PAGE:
Monday, November 18, 2019



Jonathan Swift (1667-1745), Discourse on the Mechanical Operation of the Spirit, in his Prose Works, ed. Temple Scott, Vol. I: A Tale of a Tub and Other Early Works (London: George Bell and Sons, 1900), p. 200:
However, it is a sketch of human vanity, for every individual to imagine the whole universe is interested in his meanest concern. If he hath got cleanly over a kennel, some angel unseen descended on purpose to help him by the hand; if he hath knocked his head against a post, it was the devil, for his sins, let loose from hell, on purpose to buffet him. Who, that sees a little paltry mortal, droning, and dreaming, and drivelling to a multitude, can think it agreeable to common good sense, that either Heaven or Hell should be put to the trouble of influence or inspection, upon what he is about?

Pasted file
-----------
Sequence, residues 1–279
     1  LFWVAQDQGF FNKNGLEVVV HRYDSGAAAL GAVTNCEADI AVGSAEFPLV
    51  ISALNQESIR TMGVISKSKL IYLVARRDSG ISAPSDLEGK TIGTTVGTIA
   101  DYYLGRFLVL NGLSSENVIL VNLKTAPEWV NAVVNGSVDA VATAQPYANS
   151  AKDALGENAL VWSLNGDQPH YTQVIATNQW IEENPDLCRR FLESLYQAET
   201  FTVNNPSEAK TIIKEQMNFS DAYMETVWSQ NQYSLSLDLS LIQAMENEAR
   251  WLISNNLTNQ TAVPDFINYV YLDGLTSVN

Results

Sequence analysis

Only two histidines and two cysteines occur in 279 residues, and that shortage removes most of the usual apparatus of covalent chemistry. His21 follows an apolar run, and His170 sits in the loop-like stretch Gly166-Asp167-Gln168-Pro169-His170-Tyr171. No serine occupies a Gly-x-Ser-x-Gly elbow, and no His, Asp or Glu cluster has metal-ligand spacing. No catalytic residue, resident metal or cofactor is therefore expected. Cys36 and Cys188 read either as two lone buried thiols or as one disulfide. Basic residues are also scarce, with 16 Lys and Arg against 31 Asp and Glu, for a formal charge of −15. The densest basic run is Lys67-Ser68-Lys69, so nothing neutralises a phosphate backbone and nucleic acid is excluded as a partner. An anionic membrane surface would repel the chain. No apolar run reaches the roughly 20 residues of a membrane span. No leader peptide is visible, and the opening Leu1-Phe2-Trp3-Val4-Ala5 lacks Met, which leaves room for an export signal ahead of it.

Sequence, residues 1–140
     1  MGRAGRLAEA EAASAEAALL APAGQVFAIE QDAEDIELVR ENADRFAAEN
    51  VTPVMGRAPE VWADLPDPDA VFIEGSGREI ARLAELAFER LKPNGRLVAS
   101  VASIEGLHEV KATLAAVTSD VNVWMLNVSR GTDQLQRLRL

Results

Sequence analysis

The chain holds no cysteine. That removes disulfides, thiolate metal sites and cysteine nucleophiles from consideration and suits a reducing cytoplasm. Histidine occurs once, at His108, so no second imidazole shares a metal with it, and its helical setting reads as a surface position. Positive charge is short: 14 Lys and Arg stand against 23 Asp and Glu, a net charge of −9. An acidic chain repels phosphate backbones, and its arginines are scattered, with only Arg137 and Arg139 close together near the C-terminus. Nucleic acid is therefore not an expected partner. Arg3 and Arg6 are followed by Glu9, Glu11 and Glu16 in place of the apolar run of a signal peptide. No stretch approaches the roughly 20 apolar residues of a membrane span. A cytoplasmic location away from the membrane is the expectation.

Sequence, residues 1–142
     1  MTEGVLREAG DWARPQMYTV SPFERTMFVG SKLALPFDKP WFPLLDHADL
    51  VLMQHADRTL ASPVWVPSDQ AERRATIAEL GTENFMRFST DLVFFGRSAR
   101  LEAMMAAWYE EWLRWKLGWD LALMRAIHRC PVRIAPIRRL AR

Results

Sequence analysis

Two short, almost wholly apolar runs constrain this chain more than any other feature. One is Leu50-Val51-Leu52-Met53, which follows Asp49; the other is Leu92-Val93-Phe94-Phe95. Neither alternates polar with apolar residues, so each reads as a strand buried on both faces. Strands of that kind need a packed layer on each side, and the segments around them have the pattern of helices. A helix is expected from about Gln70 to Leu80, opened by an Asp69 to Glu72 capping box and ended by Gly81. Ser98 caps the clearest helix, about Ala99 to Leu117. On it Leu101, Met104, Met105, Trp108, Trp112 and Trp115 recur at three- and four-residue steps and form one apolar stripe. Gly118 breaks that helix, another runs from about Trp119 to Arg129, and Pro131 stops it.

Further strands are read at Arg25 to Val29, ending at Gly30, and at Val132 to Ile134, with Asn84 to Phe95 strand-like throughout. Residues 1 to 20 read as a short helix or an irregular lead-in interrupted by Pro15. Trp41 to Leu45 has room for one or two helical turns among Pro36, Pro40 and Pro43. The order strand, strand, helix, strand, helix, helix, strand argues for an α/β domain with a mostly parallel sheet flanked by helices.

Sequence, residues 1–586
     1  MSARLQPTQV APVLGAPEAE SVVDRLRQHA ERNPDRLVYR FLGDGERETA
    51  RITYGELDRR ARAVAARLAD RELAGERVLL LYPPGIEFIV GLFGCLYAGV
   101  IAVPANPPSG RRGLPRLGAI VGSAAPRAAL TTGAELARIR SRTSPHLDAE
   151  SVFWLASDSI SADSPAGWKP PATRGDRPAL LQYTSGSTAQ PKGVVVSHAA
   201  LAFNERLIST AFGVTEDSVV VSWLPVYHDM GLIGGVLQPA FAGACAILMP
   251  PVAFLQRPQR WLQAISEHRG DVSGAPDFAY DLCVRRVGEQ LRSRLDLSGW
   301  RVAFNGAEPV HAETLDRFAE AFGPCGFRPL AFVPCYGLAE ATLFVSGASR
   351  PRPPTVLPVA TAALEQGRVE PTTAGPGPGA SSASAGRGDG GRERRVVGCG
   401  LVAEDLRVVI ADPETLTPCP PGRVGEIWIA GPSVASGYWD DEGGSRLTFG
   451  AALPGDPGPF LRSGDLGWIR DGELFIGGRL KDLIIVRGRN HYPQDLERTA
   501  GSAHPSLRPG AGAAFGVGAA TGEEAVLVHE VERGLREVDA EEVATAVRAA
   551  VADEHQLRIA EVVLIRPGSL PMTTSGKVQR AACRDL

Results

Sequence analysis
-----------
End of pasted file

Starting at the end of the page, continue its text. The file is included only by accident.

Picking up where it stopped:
I think that a kennel here means a fox-hole, got cleanly over while riding a horse.

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